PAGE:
Biomedical centre gets modern mosquito lab

Rwanda Biomedical Centre (RBC) yesterday launched a standard identification laboratory for mosquitoes and other parasites. The lab is hoped will enable effective and certain control of malaria epidemic and other parasitic diseases (OPD).
The Minister for Health, Dr Agnes Binagwaho (L) assesses an entomology equipment in the new lab. Courtesy.
The Minister for Health, Dr Agnes Binagwaho (L) assesses an entomology equipment in the new lab. Courtesy.

Rwanda Biomedical Centre (RBC) yesterday launched a standard identification laboratory for mosquitoes and other parasites.

The lab is hoped will enable effective and certain control of malaria epidemic and other parasitic diseases (OPD).

The new facility comes as the country is pushing to achieve a malaria-free nation by 2018.
Malaria morbidity currently stands at 9 per cent, while the mortality rate stands at 4 per cent.
Through the laboratory, Rwanda will be able to test new insecticides (for indoor residue spraying) and make new discoveries about mosquito species and drugs.

Located at the University of Rwanda’s School of Public Health in Kicukiro District, the laboratory, worth $400,000 (about Rwf275 million), will allow all samples to be tested in the country, saving not only time and money, but also lives.

Officials at RBC said the entomology laboratory will provide the needed evidence on which to base to formulate policies and strategic decisions in vector control both in Rwanda and the region.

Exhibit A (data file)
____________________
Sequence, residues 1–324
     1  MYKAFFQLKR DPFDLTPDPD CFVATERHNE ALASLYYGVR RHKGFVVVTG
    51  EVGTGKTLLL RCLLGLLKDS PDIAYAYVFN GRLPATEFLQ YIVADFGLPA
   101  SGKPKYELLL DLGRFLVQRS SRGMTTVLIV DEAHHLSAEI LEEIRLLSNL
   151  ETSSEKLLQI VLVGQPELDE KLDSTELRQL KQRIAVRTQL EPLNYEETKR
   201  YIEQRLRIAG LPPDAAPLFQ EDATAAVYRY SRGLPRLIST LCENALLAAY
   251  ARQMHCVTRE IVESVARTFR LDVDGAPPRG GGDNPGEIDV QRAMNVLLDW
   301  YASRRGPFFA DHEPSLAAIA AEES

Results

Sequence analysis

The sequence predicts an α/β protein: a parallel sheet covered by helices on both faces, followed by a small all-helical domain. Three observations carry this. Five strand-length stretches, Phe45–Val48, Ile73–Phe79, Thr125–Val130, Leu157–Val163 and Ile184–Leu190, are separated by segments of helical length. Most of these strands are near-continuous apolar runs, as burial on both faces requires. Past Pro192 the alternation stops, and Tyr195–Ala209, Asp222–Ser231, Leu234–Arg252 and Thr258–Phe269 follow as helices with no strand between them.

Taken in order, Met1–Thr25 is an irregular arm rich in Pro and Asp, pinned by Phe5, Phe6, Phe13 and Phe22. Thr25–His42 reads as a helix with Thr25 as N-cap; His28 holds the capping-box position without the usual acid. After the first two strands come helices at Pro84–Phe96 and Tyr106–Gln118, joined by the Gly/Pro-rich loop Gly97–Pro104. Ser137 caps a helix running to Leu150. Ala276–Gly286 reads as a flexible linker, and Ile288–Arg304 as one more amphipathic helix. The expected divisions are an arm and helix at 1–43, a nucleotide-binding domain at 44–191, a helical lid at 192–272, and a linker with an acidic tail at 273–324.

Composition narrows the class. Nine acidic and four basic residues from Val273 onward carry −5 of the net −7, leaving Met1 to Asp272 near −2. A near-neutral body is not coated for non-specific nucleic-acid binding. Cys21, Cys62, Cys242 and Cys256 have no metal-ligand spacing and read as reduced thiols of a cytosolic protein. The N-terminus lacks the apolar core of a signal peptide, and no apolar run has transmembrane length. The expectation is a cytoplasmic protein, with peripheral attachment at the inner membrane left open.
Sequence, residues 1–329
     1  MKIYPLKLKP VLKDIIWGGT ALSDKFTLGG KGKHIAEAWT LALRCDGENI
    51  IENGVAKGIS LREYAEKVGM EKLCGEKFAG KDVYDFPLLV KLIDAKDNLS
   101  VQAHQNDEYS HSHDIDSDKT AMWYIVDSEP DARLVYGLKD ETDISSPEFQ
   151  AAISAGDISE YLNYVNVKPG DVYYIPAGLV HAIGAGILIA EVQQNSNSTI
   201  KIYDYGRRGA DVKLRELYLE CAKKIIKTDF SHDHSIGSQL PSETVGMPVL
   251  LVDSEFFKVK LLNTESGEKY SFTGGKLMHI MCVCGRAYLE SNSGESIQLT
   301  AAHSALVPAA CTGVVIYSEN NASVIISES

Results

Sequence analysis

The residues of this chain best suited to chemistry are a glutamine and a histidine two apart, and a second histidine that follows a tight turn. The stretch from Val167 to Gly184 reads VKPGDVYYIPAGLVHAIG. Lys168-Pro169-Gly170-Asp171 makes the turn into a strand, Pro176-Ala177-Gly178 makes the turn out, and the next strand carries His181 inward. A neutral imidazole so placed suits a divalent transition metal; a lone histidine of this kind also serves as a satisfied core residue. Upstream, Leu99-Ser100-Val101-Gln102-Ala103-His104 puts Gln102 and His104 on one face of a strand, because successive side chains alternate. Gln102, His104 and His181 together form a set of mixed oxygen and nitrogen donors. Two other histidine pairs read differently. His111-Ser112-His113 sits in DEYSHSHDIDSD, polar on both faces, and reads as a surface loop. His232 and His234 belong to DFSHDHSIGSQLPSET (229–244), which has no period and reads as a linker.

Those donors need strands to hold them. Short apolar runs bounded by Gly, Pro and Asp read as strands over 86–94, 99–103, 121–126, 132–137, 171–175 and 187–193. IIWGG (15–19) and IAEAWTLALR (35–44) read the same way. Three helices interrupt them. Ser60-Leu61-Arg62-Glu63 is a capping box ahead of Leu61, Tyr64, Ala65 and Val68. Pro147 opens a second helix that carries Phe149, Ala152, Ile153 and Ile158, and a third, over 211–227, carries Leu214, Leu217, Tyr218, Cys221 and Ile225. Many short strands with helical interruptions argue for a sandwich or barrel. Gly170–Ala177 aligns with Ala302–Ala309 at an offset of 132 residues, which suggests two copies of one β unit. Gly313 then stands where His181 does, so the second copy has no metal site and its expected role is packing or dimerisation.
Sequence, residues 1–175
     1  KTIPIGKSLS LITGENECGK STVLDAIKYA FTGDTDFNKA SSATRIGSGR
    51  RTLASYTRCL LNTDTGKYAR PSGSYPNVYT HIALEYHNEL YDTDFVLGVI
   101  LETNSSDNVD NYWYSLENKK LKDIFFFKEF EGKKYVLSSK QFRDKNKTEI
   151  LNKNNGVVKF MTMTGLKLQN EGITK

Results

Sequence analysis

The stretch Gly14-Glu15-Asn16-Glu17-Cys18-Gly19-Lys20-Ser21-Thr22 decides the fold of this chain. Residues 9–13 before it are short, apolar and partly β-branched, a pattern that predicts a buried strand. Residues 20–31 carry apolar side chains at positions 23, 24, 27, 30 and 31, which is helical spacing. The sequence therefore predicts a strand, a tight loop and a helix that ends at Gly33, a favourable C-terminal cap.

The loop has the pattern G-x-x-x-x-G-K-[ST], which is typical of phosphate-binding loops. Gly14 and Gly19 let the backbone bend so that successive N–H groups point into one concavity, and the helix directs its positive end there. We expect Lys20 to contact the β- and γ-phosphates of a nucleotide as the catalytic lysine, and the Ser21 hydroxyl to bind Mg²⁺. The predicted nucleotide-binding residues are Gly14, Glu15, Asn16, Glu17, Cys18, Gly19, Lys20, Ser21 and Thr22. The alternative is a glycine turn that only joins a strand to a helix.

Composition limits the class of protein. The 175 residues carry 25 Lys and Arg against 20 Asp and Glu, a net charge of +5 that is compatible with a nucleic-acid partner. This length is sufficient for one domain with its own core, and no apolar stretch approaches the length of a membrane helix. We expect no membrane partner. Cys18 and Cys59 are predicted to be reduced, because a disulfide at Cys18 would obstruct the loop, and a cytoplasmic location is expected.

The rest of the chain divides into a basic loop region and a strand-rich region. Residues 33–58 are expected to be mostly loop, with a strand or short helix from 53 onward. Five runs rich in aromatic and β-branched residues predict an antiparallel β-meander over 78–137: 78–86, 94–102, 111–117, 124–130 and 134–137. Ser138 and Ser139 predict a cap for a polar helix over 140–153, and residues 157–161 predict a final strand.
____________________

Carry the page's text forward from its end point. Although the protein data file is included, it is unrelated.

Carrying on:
“This laboratory is the most effective in the region. We will be able to identify various types of both infectious and non-infectious mosquitoes in a short time,” Emmanuel Hakizimana, the director of vector control at RBC, said.

“The previous methods of testing using microscope could allow us to identify one mosquito within 30 minutes, but with the new laboratory, we can identify 96 mosquitoes at once within 30 minutes.”

Hakizimana added that the results will be more reliable as the laboratory will be able to test mosquitoes using DNA tests, rather than microscope.

So far, there are nine species identified and mosquitoes stay in non-sprayed house for 48 hours, while they stay for 12 hours in a sprayed house.

About 67 per cent of mosquitoes feed on humans whereas the rest feed on animals.

The laboratory will also help test the efficiency of medicine, including sprays for malaria control interventions to ensure that people do not fall victim of fake drugs.

“Thanks to the sample tests carried out under the auspices of this laboratory, we found out that the mosquito spray that we applied once in six months was not enough as the efficacy was wane out, showing that the spray should be done twice in six months,” Hakizimana said.

RBC has been relying on 12 health centres to test mosquitoes, but the function was only done using microscopes registering sub-standards results, which called for international assistance.

The new entomolody facility was built with the support of US President’s Malaria Initiative, through the Centre for Disease Control and Prevention and the US Agency for International Development.

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